Urbandictionary.com says it means:
To rob. Verb. Present tense of juxt.
It has 342 votes but I can't find any evidence of actual usage on a google or COCA search.
The verb to jux as used in New York does mean to rob, for example to rob someone is to jux a head.
Here's a couple of sentences from the book Lush Life by Richard Price where he uses the word jux. Actually the word appears 8 times in the novel. From that it seems to me that it is a "real word" used in NYC.
The answer depends on your definition of "real word".
You gave a word, a definition, and clearly, if it's in the urban dictionary, someone, somewhere is or has used the word with the meaning you described.
My own searching has shown two alternate definitions:
1) short for juxtaposed
2) a word adopted from German (English has a vast tendency to adopt words from other languages) meaning "fun, laughter, joke or jest"
If this is "enough evidence" for it to be a "real word", then it is. If you prefer a different kind of source (like the OED), then it is not a "real word".
Unfortunately, the standard is not agreed upon, which is why sites like Urban dictionary exist: to capture the meanings of some words that aren't in other dictionaries.
It appears jux (to rob) comes from Jamaican Patois jooks (to rob, especially with a pointed weapon), from Carribean jook (to poke) dating back to the early 19th century, and is similar to several west African words meaning to poke, pierce, prick or enter. Jook is now also London gang slang for theft or stabbing.
Ras Dennis Jabari Reynolds' Jabari: Authentic Jamaican Dictionary of the Jamic Language (2006) gives prod and robbery definitions:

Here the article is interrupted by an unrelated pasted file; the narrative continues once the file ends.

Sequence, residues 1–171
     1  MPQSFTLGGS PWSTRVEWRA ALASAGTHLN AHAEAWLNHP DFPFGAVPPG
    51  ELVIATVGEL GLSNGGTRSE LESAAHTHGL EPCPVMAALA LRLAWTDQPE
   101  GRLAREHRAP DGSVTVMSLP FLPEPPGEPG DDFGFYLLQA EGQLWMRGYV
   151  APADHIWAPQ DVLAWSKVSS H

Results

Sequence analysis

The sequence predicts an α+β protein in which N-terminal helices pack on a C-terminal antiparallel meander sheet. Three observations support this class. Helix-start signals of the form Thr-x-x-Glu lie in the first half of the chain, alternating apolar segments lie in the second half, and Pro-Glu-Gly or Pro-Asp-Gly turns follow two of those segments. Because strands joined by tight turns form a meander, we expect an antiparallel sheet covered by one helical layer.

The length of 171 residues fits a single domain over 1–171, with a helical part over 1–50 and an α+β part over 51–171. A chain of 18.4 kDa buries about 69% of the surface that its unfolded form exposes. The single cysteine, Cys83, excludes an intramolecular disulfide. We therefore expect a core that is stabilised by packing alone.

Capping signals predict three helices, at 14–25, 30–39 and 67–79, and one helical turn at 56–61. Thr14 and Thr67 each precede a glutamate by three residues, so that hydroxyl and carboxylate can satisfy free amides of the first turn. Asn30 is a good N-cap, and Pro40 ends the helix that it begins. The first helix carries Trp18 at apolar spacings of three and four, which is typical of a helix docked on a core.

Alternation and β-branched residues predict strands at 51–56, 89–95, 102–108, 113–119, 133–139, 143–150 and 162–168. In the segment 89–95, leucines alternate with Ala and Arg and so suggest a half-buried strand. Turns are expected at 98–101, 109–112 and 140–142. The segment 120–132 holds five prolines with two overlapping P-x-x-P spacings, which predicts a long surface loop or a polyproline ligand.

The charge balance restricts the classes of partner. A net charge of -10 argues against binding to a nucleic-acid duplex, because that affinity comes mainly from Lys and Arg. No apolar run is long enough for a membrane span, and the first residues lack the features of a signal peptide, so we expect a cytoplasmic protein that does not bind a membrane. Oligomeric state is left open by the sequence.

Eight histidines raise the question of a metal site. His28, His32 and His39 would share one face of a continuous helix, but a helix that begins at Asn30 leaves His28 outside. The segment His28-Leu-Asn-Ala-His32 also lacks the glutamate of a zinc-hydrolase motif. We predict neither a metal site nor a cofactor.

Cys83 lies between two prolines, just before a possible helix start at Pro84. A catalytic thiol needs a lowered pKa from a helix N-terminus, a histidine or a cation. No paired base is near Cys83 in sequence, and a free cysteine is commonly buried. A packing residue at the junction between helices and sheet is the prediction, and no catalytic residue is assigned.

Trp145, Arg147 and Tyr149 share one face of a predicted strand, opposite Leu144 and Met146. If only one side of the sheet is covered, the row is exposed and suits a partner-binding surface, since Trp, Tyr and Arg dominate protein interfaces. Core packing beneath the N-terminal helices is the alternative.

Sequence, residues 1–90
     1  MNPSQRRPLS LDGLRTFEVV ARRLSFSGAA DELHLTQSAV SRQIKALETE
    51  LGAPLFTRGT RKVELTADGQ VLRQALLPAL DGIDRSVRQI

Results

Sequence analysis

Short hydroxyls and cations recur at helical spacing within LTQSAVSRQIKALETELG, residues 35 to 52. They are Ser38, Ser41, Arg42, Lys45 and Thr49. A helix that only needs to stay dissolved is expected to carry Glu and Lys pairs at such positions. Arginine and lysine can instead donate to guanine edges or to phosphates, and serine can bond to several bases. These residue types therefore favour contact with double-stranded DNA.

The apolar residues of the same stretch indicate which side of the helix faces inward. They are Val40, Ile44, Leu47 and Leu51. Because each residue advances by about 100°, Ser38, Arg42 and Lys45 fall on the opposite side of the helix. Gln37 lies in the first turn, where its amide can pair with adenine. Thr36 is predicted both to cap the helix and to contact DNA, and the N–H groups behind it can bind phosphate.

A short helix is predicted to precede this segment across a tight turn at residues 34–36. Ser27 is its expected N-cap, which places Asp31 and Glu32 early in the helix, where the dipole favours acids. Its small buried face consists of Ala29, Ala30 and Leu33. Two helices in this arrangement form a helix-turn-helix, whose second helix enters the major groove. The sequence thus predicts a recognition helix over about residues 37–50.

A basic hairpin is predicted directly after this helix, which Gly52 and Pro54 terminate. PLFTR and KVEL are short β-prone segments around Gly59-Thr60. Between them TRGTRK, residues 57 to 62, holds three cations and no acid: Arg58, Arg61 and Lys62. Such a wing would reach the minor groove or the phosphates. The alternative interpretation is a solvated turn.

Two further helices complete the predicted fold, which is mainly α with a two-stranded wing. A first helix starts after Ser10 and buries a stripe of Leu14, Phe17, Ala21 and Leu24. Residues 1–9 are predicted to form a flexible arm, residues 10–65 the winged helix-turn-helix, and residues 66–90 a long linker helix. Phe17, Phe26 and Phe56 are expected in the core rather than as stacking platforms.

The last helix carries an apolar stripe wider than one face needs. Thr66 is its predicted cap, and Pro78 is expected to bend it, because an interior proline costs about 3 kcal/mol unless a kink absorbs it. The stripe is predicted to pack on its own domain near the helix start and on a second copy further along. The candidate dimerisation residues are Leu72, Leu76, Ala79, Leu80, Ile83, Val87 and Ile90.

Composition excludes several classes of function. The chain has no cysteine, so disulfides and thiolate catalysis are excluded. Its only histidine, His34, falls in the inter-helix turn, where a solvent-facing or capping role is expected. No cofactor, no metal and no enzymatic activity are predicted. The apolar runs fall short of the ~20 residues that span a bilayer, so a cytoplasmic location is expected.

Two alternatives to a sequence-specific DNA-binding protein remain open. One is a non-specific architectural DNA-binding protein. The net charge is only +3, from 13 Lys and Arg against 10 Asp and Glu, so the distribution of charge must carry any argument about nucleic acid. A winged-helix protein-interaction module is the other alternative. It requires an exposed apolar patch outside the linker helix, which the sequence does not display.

A Rasta/Patois Dictionary and Phrases/Proverbs defines jook as:
Partridge (2007) includes:
The OED says jook (also spelled chook, juck, juick and juk) is a Caribbean word meaning to stab, pierce or poke and gives a quotation from H. G. Murray's Tom Kittle's Wake (1877):
And gives an etymology suggesting a west African source:
The Dictionary of the English/Creole of Trinidad & Tobago (2009) includes eight long entries for jook with many citations, with meanings from: to stab; to shove; to wash clothes with a sharp motion against a washboard(a jooking board); a (pelvic) thrust; a cut from a stabbing; a small quick attempt at something to see if you like it; sexual intercourse. The earliest quote is from 1827, for stab:
A jooker is any sharp pointed thing. Jook up is to shove something sharpy; to push severely or repeatedly, to beat up. A jook waist is a sideways hip shift with the ribcage lifted away from the pelvic region, which is sharply pushed outwards. And:
Anita M. Waters' Race, Class, and Political Symbols: Rastafari and Reggae in Jamaican Politics (1985) prints the lyrics of Neville Martin's 1976 election song "The Message" and says:
(Tangentially, Elaine B. Richardson's Hiphop Literacies (2006) notes the roots of jukebox is the jook joint, a place for rowdy dancing, and comes from Wolof dzug and Bambara dzugu meaning to "act disorderly" and "wicked". Richardson also says the Dictionary of Jamaican English (Cassidy and Le Page, 2002) traces it to Fulani jukka (spur, poke; knock down) and Cameroon pidgin (cuk used to mean pierce, prick), noting in one sense it "usually done suddenly", and another is the vulgar usage "to have sexual intercourse (with a woman)".)
A 2005 edition of US urban music Vibe Magazine included a guide to 1995-era slang:
Kermit Ernest Campbell's Gettin' Our Groove On: Rhetoric, Language, And Literacy For The Hip Hop Generation (2005) says:
Herbert C. Covey's Street Gangs Throughout the World (2010) describes a 2002 journalistic account of a street gang from Peckham, London:
Fearless (part of the UK charity, Crimestoppers) says:
It's listed on A lexicon of teen speak by the BBC (2005):
And on the student-authored London Slang Dictionary (2008):
I'm an American, (stated since this question was tagged [american-english] ) and have never heard the word "jux" in any context, so I'd say it's not a "real word". That's not to say that whoever put it in Urban Dictionary made it up. It might be a regionalism, but I have no idea what region that might be.